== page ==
My left breast redefines South African theatre

A play about Susan Miller – a remarkable woman who lived through the most, with love.

Theatre is a powerful medium of communication when it’s time to articulate thoughts and feelings about tough topics – topics such as child loss, life’s hardships, being gay, and surviving breast cancer.

My left breast tells the story of the play’s creator, Susan Miller – a mother and cancer survivor. The production debuted in South Africa at Sandton’s Theatre on the Square on May 7 to wide acclaim.

The internationally acclaimed play chronicles Miller’s choice to survive breast cancer and live with each step taken.

Actress Shannon Esra, who portrays Susan Miller in this one-hander production, displays an advanced proficiency in storytelling on stage.

Esra’s professionalism on stage profoundly carried the opening performance through a triggered audience member audibly storming out of the auditorium.

“My grandmother battled with cancer for many years, and one of my closest friends died from cervical cancer four years ago,” Esra said, reflecting on the show’s importance to her. “It’s heavy stuff, and I think people are listening.

The set for this production is minimalist, which enhances the overall effect – accompanied by spectacular displays of light usage to convey tones and textures.

“We’ve been rehearsing since September, and we started getting into it in January this year,” Esra said, commenting on how she goes within herself to find Susan Miller the character. “Where does Shannon go? Shannon is just a body.”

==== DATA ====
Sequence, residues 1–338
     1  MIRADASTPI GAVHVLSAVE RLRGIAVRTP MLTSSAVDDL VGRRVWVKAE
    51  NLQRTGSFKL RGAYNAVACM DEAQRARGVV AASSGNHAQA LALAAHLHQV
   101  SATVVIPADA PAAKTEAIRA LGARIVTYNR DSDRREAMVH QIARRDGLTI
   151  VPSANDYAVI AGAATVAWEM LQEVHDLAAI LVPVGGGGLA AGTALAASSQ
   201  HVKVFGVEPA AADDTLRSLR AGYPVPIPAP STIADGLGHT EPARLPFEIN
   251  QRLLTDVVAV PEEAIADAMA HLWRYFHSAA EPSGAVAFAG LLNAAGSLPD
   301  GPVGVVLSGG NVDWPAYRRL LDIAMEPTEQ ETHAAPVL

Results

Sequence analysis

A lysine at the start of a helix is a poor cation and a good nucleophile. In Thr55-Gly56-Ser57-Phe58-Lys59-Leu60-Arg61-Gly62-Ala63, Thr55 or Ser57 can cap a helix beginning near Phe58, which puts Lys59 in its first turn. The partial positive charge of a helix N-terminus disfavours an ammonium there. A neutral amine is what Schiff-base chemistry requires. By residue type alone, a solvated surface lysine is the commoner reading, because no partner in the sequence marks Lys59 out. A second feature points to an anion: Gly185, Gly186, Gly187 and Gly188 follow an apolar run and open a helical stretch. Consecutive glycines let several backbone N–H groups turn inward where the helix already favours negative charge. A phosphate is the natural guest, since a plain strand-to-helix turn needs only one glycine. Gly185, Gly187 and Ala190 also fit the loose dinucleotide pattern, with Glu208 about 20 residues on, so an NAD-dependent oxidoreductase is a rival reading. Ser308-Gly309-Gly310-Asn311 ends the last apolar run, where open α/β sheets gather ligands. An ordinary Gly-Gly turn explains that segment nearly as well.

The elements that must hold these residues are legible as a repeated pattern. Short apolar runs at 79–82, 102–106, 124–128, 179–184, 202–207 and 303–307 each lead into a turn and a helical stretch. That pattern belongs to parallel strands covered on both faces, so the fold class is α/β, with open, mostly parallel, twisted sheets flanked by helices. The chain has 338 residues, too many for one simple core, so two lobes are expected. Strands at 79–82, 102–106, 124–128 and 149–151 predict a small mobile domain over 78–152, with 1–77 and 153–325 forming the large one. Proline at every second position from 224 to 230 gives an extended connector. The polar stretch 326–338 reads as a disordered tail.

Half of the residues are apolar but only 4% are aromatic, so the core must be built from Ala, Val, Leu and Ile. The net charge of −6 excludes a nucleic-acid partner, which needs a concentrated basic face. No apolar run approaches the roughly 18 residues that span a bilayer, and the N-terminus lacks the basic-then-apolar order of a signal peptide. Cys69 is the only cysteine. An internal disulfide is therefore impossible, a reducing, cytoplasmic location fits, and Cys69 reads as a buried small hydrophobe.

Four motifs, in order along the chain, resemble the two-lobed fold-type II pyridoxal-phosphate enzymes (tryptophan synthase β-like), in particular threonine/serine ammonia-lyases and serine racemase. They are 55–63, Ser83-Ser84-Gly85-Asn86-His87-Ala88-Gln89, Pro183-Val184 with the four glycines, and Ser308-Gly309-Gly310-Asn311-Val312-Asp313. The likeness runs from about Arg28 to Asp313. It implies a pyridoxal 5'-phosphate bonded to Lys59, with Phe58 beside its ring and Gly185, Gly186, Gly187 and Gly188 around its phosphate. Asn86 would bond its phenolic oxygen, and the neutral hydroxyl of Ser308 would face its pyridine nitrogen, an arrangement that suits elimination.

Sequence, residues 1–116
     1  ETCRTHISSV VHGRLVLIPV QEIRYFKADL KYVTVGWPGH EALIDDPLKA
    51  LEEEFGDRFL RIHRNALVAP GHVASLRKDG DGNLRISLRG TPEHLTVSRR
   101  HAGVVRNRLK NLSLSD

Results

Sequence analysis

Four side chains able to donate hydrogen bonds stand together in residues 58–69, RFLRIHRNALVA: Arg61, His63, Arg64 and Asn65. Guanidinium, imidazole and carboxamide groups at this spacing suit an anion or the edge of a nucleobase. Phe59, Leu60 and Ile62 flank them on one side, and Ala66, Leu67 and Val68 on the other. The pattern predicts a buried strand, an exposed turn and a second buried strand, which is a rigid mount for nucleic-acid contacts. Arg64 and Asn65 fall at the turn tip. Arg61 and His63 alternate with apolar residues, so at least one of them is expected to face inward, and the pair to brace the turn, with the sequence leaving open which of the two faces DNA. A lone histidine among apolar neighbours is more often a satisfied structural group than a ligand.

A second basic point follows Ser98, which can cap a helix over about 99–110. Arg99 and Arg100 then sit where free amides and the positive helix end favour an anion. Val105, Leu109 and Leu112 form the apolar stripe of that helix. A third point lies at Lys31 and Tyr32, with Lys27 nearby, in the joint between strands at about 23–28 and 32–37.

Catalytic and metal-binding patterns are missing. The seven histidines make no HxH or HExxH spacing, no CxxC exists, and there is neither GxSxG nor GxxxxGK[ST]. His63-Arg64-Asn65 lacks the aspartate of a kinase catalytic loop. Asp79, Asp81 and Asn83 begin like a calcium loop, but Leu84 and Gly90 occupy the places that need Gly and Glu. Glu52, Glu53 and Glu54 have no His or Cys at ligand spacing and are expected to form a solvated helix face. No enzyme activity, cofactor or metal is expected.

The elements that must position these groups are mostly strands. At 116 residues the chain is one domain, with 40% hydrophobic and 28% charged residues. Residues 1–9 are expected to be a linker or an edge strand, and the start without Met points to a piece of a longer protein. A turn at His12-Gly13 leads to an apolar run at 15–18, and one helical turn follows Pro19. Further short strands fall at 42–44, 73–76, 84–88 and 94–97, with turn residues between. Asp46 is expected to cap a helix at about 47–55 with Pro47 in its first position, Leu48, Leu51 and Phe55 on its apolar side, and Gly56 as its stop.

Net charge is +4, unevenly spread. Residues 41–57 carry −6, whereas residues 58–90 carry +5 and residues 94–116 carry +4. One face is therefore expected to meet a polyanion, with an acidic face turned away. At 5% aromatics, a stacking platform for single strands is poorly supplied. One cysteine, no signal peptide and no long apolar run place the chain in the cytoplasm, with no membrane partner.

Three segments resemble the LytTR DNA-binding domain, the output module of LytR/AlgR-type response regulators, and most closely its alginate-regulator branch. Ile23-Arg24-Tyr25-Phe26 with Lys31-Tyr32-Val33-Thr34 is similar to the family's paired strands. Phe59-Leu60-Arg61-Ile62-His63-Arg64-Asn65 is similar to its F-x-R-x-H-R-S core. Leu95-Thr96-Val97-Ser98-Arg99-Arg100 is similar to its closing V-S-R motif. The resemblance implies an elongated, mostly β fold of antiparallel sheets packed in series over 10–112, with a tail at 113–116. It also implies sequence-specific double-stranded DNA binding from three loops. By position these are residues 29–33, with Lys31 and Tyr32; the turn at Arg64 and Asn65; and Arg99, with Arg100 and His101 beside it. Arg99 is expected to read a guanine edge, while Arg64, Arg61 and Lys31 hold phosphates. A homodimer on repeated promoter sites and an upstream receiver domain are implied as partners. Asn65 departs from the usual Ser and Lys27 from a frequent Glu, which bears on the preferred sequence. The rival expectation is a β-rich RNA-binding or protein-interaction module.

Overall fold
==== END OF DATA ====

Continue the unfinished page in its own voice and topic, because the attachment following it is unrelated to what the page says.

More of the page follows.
Although not a part of the show, the reaction from the audience members who stormed out enhanced the production’s brilliance – showing how authentic theatre experiences can be for this production’s audiences, aged 16 and above.

Director Janet Baylis described the play as being about a woman who makes choices, choosing to live with them.

“I think that what was interesting tonight was how cancer was a debatable subject about what treatment you should be on, should you walk away?” Baylis said. “Susan Miller has not focused this play solely on cancer, she’s very much made it layered.”

Fellow thespian and national treasure Sello MaakeKaNcube reflected on how the opening show fostered introspective thinking among audience members.

“Theatre is meant to provoke in one way or another, and sometimes that’s what theatre does,” said MaakeKaNcube. “You’ll find a person expecting relief, though it’s not always the case.”

My left breast ran at Sandton’s Theatre on the Square from May 7–11.

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